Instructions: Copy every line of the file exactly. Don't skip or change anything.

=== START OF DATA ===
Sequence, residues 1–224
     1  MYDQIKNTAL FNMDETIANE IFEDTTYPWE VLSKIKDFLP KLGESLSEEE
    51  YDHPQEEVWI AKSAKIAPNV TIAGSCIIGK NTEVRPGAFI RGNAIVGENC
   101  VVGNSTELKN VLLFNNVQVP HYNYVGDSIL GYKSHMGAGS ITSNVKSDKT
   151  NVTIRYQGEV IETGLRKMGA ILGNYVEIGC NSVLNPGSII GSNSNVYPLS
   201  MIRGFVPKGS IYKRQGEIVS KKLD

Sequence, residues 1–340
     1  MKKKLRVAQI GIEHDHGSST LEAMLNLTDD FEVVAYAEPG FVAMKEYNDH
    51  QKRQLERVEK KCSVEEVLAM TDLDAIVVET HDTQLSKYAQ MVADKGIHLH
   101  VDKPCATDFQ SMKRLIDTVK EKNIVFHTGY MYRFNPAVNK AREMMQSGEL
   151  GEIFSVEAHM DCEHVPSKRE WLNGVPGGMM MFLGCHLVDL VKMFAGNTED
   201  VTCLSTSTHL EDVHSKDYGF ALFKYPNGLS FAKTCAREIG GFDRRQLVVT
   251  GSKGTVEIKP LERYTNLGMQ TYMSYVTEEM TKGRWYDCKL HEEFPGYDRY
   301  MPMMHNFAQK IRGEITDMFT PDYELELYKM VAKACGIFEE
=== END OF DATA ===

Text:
Sequence, residues 1–224
     1  MYDQIKNTAL FNMDETIANE IFEDTTYPWE VLSKIKDFLP KLGESLSEEE
    51  YDHPQEEVWI AKSAKIAPNV TIAGSCIIGK NTEVRPGAFI RGNAIVGENC
   101  VVGNSTELKN VLLFNNVQVP HYNYVGDSIL GYKSHMGAGS ITSNVKSDKT
   151  NVTIRYQGEV IETGLRKMGA ILGNYVEIGC NSVLNPGSII GSNSNVYPLS
   201  MIRGFVPKGS IYKRQGEIVS KKLD

Sequence, residues 1–340
     1  MKKKLRVAQI GIEHDHGSST LEAMLNLTDD FEVVAYAEPG FVAMKEYNDH
    51  QKRQLERVEK KCSVEEVLAM TDLDAIVVET HDTQLSKYAQ MVADKGIHLH
   101  VDKPCATDFQ SMKRLIDTVK EKNIVFHTGY MYRFNPAVNK AREMMQSGEL
   151  GEIFSVEAHM DCEHVPSKRE WLNGVPGGMM MFLGCHLVDL VKMFAGNTED
   201  VTCLSTSTHL EDVHSKDYGF ALFKYPNGLS FAKTCAREIG GFDRRQLVVT
   251  GSKGTVEIKP LERYTNLGMQ TYMSYVTEEM TKGRWYDCKL HEEFPGYDRY
   301  MPMMHNFAQK IRGEITDMFT PDYELELYKM VAKACGIFEE